Rich Campbell chews tobacco. Buys a pack every Thursday.
During practice, when there's no danger of getting sacked and swallowing a plug, he can be seen lifting his face guard up a bit and spitting ugly brown tobacco juice on the turf.
Several other Bears chew (and spit), including Theder, who has never had a cigarette in his mouth but finds that chewing relaxes him.
Campbell is engaged to be married in June to Janice Lombardo, a student at nearby Hayward State and also a Campus Crusader. She is not thrilled by her fiancè's habit. "It just doesn't look very nice at all," she says, "but my mother's the one who goes a little wild. She saw it once. Rich and my next-door neighbor got together and they were sitting watching a game on TV with my father, and they were chewing.
"I think what really grossed my mom out was that they were spitting into two of her mugs."
Campbell lived in various places around the world—Guam, Florida, San Diego—before he went to high school in San Jose. His coach there was Chon Gallegos, once a star quarterback at San Jose State and the national passing leader in 1961. Earlier, as an assistant coach at Lick High in San Jose, Gallegos had helped develop Jim Plunkett.
After hearing recruiting pitches from several colleges, Campbell narrowed his choices down to two long-playing aerial circuses, Stanford and Cal. When he finally decided on Cal, his father put up a fuss. Berkeley's image as a haven for hippies and other radicals did not sit well with a man who had spent 21 years in the Navy. But finally he gave in and Rich signed up to be a Golden Bear.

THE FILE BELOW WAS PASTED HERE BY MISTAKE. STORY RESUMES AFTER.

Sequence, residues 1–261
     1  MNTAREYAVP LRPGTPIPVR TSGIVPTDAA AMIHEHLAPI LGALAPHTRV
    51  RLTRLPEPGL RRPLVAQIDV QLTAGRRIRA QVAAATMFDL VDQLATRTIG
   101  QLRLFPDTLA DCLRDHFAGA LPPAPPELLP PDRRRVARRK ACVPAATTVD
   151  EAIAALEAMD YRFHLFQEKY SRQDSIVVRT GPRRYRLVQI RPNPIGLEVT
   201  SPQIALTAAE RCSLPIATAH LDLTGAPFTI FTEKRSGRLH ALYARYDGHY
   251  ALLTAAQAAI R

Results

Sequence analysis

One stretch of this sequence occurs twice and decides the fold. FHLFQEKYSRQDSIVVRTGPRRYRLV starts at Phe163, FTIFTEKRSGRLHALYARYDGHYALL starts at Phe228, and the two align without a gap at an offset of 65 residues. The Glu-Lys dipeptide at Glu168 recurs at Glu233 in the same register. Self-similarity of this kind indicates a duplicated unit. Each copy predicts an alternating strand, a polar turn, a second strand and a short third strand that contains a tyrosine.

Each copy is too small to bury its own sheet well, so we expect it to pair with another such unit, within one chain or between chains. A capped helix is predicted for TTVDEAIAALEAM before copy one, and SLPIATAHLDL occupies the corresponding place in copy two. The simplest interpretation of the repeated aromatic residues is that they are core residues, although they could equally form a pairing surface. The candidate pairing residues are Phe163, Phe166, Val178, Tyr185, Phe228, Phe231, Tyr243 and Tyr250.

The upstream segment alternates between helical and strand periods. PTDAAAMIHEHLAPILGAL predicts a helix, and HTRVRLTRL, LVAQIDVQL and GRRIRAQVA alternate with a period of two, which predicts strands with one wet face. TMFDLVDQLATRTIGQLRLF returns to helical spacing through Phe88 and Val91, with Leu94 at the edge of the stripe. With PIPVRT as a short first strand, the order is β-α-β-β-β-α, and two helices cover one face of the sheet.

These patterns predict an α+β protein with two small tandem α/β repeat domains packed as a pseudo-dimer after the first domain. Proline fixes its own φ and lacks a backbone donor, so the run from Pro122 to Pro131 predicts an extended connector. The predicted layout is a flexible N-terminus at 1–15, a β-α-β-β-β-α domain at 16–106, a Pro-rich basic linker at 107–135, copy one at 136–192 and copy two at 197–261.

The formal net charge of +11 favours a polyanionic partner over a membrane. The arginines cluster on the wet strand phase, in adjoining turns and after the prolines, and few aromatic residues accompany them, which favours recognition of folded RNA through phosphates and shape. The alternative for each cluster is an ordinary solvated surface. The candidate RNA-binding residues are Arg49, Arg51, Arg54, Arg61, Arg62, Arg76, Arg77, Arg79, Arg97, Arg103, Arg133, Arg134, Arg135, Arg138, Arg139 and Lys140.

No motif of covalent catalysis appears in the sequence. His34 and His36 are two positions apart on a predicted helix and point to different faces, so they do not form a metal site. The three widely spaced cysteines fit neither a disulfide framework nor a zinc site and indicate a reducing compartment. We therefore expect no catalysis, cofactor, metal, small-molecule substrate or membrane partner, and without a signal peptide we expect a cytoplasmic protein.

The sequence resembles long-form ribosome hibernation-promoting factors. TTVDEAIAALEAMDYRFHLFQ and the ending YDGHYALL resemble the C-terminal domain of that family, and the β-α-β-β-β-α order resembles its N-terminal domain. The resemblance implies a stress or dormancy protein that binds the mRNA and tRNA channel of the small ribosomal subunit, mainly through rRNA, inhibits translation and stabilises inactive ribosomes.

Mike White was Cal's head coach at the time, and Campbell remembers White saying he "wanted to work me in slowly at the beginning of the season and then start me by the fifth game." Well, Campbell not only didn't start as a freshman, he got in for only 12 plays all season, and they all came in a 52-3 stomping of San Jose State. But for those 12 plays, Campbell would be a sophomore in eligibility this season.
"I'd stretch before workouts and then I'd just stand around for two hours," Campbell recalls. "I went through a whole season getting worse. That's what bothered me. It wasn't so much that I didn't start or that I didn't play at all—I didn't even get to practice!"
Strange, but at the school where the atom was first split and where future lawyers are taught to find subatomic loopholes, a pro-size quarterback went unnoticed on the football sideline.
In late 1977 White was fired and replaced by one of his assistants, Theder, who has started Campbell ever since. In Rich's debut as a soph, against Nebraska, he threw two TD passes. And to show he wasn't just a passing fancy, after his second game, a 17 for 23 performance against Georgia Tech, he was named to UPI's Backfield of the Week.
His All-America chances evaporated, however, when Cal was chewed up by UCLA, 45-0, on national TV. In that game, Campbell fired five passes to Bruins instead of Bears.
"It would take quite a nightmare to make something worse than that UCLA game," he says. "I've never even dreamed anything that bad.
"I did lose some confidence. Up to that game I really believed in myself. After that, I began questioning how good I really was."
There's no question in anybody's mind now. This season Campbell has thrown only 10 interceptions, despite averaging more than 29 passes a game.
Theder says, "I put Rich in the Bartkowski-Roth class. Joe didn't have the arm that Rich has, wasn't as physical. Bart had it all as far as the arm strength—I don't know if there'll be another one like him—but he didn't have quite the great feet.
"Rich is smoother than any of 'em we've ever had." The best thing, however, might be that Cal has him for another year.
In an exercise session at a weekday practice, Campbell limbers up while plugging away at a chaw.